While Bitcoin has had a global presence since its beginning, those in emerging nations such as the BRICs (Brazil, Russia, India and China) have had little access to convenient methods for participating in the Bitcoin economy.
That situation is rapidly changing.
In the past weeks a number of developments are helping to make Bitcoin truly a global digital currency. Following are some highlights.
Thanks to BitInstant, bitcoins can now be purchased by cash deposit through Qiwi and Cyberplat.
The second largest Bitcoin foreign exchange market behind Mt. Gox’s BTC/USD is now on BTC-e, a Russian exchange.
Conversion between bitcoins and other e-currencies are often used in Russia and exchange providers such as AurumXChange help to make this conversion convenient and affordable.
After its launch, online wagering service SatoshiDICE quickly added a translation of its site to Russian. Because Bitcoin transactions occur pseudonymously, not even SatoshiDICE knows from which country the wagers are coming. But the swift arrival of Martingale betting bots from Russian developers combined with other clues point to Russia as being one of SatoshiDICE’s largest markets. SatoshiDICE is now responsible for well over half of all bitcoin transactions each day.
Bitcoin has essentially thus far gained zero traction in the world’s second most populous nation, but Bitcoin’s magic formula for growth (a cash deposit method) has now been brought to India by Mr. Bitcoins. Through their service, rupees deposited at any HDFC bank location are converted to bitcoins and transferred to the customer’s Bitcoin address.
India receives more remittance payments than any other country (though China comes in at a close second). Remittance services aren’t a great value though, even with those touted as low cost (such as the new Wells Fargo Express Send / HDFC partnership) as unfair exchange rates are imposed. Bitcoin has the opportunity to function as a remittance method that bypasses that conversion.
While BTC China has been operating for about one year now, it has recently seen a burst of activity.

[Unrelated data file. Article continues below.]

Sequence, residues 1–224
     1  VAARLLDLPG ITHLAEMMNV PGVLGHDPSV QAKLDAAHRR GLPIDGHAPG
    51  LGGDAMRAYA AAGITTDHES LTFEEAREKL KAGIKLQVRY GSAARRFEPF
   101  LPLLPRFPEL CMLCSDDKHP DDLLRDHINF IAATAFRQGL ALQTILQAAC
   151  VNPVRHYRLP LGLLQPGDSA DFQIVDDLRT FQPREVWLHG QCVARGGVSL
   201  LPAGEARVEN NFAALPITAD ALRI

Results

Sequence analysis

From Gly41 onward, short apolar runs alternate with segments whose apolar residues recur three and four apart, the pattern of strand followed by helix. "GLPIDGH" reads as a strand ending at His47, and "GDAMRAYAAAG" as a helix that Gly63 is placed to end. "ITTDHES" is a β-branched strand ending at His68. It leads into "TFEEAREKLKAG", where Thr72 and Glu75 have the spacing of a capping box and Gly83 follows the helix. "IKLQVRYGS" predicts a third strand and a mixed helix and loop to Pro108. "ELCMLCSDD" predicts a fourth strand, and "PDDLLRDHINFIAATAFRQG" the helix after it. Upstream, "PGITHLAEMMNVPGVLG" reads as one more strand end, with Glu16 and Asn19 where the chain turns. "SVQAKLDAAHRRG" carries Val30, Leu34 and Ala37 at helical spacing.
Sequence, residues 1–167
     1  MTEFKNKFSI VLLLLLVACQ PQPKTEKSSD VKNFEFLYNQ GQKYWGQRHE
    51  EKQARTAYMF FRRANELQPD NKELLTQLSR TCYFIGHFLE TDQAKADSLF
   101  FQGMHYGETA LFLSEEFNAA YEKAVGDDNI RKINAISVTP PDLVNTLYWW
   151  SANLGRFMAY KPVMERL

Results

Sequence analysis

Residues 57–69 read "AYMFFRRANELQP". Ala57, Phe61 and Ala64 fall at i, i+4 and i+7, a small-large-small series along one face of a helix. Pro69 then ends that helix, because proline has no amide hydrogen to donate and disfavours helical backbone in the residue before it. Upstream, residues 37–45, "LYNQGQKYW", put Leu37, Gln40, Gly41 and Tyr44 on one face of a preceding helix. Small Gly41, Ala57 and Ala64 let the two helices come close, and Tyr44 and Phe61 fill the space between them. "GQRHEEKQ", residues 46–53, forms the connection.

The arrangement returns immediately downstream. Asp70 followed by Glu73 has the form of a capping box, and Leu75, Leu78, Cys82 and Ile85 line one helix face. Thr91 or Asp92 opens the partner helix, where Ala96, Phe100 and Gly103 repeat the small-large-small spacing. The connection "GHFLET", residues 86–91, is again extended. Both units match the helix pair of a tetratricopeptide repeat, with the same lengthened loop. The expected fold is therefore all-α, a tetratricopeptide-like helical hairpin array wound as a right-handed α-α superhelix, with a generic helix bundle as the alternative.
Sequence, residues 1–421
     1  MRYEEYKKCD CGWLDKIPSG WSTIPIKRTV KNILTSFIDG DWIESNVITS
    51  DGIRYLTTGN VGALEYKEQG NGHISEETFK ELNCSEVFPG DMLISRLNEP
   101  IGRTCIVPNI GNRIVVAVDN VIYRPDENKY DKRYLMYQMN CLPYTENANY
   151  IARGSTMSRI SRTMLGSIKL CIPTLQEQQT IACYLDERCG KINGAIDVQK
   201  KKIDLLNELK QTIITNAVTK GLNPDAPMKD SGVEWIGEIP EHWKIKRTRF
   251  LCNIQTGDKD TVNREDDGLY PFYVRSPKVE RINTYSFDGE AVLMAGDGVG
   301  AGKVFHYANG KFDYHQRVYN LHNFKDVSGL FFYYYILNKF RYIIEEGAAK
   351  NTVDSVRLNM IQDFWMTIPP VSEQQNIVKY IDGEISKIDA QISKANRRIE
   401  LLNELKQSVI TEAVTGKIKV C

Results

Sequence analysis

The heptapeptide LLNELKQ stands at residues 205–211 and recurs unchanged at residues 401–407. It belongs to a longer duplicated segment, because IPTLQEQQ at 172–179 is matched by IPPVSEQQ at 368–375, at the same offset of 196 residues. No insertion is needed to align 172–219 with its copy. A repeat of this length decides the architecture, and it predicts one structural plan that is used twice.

Investor and Bitcoin evangelist Roger Ver asserts there is an incredible level of interest in bitcoins from speculators as well as from Chinese computer hardware manufacturers looking to add support for Bitcoin on their devices.
Announced today on Bitcoin Brazil (@PortalBitcoinBR) was a reloadable debit card offered to Brazilians that can be funded with either a bank transfer (BRL) or funded with bitcoins. Over 10,000 locations in Brazil accept this debit card for purchases.
This follows BitInstant’s introduction of its Boleto cash deposit method for buying bitcoins or funding exchange accounts using the Brazilian real.
Of course, these aren’t the only emerging economies seeing bitcoin developments. Trading bitcoins in the Philippines is now offered, BitMarket.co, a market exchange in Colombia, just recently launched. BTC-Direct.fr delivers bitcoins using SMS to mobile users in two dozen countries including Estonia, Lithuania and Montenegro and has announced plans to serve Mexico, South Africa and Morocco soon as well.
Additionally, the range of technologies that bitcoins can be used on is expanding, including making bitcoin usable for those using feature phones. Though Coinapult’s recently launched SMS Wallet can only be used in the U.S. and Canada at present their future plans include global expansion.
While Bitcoin’s mindshare is presently concentrated primarily in developed nations, Bitcoin has a bigger potential to improve the lives for those whose savings are at risk of devaluation through inflation, for those whose payments are made costlier as the result of payment system fees, and most importantly for those whose governments impose restrictions on how their money is used.
It would be an incredibly expensive and risky tactic for a corporation or banking endeavor to try to roll out a financial service globally. Because Bitcoin is not a corporation, nor a bank, nor an agency of any government, nor any formal organization it can thus continue to expand, permeating the BRICs and beyond, organically just as it exists today. This is an expected and natural progression for this currency.
The network effect is starting to take hold and Bitcoin is becoming less of a novel innovation and more like a valued special-purpose tool that uniquely serves specific needs and solves tough problems. In hindsight, it would seem obvious that a digital currency that works like cash (non-reversible, trivial transaction costs, instant settlement) would be no less valued in Mumbai than it is in Memphis.
This value is now being recognized the world over.
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